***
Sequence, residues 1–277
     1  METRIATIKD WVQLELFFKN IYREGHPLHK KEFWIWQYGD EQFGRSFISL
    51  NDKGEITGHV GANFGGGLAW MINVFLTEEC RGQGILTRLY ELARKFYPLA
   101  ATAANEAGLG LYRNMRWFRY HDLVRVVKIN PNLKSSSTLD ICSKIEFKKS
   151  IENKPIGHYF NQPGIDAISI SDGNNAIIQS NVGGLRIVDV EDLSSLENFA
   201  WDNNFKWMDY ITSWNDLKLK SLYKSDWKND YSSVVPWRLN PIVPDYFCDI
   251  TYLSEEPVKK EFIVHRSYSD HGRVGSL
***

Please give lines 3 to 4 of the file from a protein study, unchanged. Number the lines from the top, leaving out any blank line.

    51  NDKGEITGHV GANFGGGLAW MINVFLTEEC RGQGILTRLY ELARKFYPLA
   101  ATAANEAGLG LYRNMRWFRY HDLVRVVKIN PNLKSSSTLD ICSKIEFKKS